I cared little about keeping up and was quite surprised to find my nails too long, and my shoes scuffed and dirty, and my socks worn bare. I realized that I had chosen a few outfits and wore them repeatedly, a pattern of my ailment.

wine thirty

I see now that challenges had overwhelmed me, robbed me of my confidence. I could no longer believe that I had any abilities, any worth, anything worth fighting for.

Perhaps that was driven by my affected memory loss, my lack of B12. It’s also a symptom of depression. Realistically, it’s a sick cycle – which came first, the B12 deficiency or the depression? It doesn’t really matter now, does it?

I suffered life.

The shame of this does not escape me. I regret with my whole being the time that I lost to this down. Life is too short to waste time, as we only live once. This is our opportunity and it doesn’t wait around.

What I know is that life is hard, and there are going to be icy patches that take your legs out from under you and the landing might bust your ass.

The patriarch Jacob/Israel nailed it when he said it had been a long, hard life.

But there are joys and beauties and challenges and people who make those hard things seem better, easier, worth it.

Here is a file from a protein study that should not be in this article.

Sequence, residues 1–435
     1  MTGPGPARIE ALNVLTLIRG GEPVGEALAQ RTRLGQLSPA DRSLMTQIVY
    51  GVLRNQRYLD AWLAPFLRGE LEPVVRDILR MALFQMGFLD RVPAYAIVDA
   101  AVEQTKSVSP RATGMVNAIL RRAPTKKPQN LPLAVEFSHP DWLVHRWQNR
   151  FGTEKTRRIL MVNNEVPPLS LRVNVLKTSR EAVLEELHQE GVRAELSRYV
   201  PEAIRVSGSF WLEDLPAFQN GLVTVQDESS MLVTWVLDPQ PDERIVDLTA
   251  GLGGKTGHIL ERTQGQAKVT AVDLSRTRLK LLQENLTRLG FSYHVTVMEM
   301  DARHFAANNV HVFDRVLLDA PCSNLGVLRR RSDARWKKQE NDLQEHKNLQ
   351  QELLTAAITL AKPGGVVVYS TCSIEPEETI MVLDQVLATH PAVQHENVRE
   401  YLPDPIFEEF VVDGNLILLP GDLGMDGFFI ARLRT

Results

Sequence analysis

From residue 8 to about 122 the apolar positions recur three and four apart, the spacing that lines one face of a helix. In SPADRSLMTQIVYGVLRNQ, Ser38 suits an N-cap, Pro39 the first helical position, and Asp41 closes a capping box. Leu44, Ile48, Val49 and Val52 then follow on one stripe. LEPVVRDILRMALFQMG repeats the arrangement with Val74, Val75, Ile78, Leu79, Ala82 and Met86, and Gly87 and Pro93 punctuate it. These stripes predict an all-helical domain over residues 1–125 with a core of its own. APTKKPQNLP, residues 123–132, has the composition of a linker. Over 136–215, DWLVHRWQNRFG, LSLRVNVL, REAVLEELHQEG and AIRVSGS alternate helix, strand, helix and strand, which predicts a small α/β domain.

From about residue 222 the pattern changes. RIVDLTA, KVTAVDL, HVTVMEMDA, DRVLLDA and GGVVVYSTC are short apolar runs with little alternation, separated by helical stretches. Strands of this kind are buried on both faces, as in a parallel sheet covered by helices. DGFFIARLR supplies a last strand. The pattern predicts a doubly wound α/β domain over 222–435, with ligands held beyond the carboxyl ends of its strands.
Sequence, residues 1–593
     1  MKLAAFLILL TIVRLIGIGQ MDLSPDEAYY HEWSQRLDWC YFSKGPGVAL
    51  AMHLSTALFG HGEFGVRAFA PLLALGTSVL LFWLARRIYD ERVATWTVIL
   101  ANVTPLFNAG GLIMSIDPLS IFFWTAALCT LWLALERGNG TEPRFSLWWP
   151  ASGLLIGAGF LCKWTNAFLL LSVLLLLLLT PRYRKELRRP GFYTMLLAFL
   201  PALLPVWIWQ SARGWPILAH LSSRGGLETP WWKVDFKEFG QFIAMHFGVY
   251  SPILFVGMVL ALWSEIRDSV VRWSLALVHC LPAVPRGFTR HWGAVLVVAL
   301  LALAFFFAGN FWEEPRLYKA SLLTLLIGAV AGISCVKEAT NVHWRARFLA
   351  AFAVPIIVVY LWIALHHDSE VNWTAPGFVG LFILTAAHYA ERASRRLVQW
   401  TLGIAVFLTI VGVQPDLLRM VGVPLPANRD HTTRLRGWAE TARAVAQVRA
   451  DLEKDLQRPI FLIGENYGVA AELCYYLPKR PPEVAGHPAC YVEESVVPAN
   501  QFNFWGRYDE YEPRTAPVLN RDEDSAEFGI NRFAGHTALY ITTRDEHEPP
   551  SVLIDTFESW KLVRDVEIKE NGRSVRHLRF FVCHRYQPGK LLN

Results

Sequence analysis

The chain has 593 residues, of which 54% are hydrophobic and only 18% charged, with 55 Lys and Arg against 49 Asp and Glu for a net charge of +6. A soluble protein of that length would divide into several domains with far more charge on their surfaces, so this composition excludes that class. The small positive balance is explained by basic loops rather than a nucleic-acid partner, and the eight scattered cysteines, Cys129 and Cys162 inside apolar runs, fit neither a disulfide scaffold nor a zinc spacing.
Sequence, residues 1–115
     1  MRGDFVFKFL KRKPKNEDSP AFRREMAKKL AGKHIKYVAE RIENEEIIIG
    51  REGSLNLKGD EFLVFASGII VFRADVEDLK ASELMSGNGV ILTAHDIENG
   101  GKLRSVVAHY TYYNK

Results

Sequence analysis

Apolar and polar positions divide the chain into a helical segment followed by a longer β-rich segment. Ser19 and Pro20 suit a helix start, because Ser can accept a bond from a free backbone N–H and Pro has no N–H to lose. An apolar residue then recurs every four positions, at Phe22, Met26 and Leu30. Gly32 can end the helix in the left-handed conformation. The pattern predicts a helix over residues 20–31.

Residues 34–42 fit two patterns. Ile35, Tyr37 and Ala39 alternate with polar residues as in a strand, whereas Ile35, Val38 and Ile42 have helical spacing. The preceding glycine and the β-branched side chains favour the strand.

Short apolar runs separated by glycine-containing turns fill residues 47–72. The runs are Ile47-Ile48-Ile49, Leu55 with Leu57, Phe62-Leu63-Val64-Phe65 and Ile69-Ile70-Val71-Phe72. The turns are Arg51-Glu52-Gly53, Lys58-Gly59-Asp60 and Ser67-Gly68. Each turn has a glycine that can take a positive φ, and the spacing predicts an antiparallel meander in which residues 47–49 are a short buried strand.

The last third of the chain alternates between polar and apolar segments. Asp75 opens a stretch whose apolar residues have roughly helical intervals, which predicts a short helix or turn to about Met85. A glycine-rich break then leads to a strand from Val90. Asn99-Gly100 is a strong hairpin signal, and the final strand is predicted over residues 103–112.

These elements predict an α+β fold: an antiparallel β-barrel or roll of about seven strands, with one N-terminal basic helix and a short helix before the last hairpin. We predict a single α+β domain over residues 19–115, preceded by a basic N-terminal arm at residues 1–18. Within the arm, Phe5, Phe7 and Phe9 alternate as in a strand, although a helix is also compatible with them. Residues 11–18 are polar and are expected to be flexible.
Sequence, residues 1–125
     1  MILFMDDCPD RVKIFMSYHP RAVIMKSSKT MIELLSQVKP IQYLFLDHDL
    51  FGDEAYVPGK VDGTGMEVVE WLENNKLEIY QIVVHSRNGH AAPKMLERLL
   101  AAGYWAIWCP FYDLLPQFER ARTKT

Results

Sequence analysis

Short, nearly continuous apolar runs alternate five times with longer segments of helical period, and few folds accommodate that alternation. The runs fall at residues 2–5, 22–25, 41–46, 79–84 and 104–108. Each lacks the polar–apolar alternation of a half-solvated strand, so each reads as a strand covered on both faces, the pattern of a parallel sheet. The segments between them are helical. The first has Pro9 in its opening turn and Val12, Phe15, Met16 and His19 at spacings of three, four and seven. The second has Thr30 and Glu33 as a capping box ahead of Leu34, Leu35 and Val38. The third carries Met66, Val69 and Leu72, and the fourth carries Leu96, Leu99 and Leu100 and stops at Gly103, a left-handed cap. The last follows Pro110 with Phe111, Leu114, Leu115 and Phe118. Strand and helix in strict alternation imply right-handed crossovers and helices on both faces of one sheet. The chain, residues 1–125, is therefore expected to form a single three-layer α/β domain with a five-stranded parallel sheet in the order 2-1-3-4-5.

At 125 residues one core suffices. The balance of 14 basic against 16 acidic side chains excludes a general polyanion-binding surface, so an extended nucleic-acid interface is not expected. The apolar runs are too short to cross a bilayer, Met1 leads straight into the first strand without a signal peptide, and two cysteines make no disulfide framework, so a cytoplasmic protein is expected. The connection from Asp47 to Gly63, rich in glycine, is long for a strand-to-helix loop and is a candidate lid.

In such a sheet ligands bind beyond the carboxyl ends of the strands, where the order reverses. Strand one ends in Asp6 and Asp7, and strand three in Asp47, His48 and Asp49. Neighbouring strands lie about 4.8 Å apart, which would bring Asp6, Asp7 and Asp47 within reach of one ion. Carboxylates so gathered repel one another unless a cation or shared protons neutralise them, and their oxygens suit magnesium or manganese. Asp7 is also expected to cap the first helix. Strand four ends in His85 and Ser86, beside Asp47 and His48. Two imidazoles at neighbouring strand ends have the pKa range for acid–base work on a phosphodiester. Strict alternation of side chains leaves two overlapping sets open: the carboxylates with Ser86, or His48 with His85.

There is the living, the breathing, the taking it in and giving back out. The push and the pull, the ups and the downs, the ride – the scenes.

There are the connections, those electrical charges that occur when you are affected by another human being. Warm hugs and handshakes, twinkling eyes smiling and sorrowful eyes sharing pain.

heart angles

Belly laughs, crying because you’ve laughed so hard, laughing too hard because you’re trying to retell a remembered funny and it just makes you laugh more, sighing because that memory was so sweet.

There is beauty around us that makes us silent, steals our breath, the majesty of creation – acknowledgement of an Almighty that put this tiny sphere in the universe for a reason, a purpose that escapes us. And that’s okay. We’re not meant to know.

heart angle focus

And work to keep our minds active, and flexed and eager for the next challenge. Labors that produce more than the material design that we’re striving for, but that also build muscle and endurance and an appetite for the bounty of this great planet.

And something here might seem to have some faint recognition in your brain, some far away bell sounding a muted alert, some rusty hinge squeak coarsely affecting your ears.

have a heart

Listen, pay attention, you who are suffering life.
Get help!

Find the reason and pour every bit of energy you have left into fixing yourself.

You deserve it, you’re worth it.

Life is.

Don’t miss it.

Change of View

 

Dabbling with photography, I find that my perspective of creation has shifted.